Why in news?
The emissions gap report of 2019 was released by the United Nations Environment programme(UNEP).
About the report:
- Also called the “Commitment Gap”, it is the difference between the low level of emissions that the world needs to drop to, compared with the projected level of emissions based on countries’ current commitments to decarbonization.
- Every year, the report looks at the expected size of the gap in 2030 and progress countries are making in closing it.
- It looks at different scenarios based on the pledges that countries made to reduce or minimize their emissions under the Paris Agreement on Climate Change called Nationally Determined Contributions (NDCs).
The scenarios considered are:
- No climate policies since 2005 (baseline) – The baseline scenario estimates what would happen to global greenhouse gas emissions in the absence of any climate policies since 2005.
- Current policies only – The current policy scenario takes into account all of the policies now in place, but assumes that no additional measures are undertaken.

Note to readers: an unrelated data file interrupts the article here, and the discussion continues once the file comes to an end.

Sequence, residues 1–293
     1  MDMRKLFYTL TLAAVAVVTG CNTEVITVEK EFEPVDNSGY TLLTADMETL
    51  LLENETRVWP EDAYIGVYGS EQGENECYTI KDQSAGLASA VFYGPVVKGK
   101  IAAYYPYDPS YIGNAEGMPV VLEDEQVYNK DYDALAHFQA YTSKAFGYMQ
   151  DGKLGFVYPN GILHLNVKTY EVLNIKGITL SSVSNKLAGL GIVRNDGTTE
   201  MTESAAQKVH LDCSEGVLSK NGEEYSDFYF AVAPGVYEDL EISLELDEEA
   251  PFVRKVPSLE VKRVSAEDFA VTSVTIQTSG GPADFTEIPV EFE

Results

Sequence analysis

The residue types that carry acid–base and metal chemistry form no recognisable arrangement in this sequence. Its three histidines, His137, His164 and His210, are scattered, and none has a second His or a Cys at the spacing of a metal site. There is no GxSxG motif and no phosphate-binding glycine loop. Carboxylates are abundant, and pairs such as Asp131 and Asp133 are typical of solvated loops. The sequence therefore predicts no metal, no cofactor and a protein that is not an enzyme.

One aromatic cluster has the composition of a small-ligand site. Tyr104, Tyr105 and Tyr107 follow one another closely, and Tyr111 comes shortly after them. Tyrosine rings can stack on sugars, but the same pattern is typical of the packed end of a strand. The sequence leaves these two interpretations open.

- The fulfillment of current unconditional NDCs – The unconditional NDC scenario assumes that countries meet all of the climate pledges that have no conditions attached.
- The fulfillment of NDCs with conditions attached – it is assumed that countries achieve all of their climate pledges, including those with conditions.
- G20 nations collectively account for 78 per cent of all emissions, but only five G20 members have committed to a long-term zero emissions target.
- In the short-term, developed countries will have to reduce their emissions quicker than developing countries, for reasons of fairness and equity.
- All nations must substantially increase ambition in their NDCs, as the Paris commitments are known, in 2020.
- The world will fail to meet the 1.5°C temperature goal of the Paris Agreement unless global greenhouse gas emissions fall by 7.6 per cent each year.
- Global temperatures are set to rise about 3.2 degrees C by 2100.
- The top four emitters (China, USA, EU and India) contributed to over 55% of the total emissions over the last decade, excluding emissions from land-use change such as deforestation.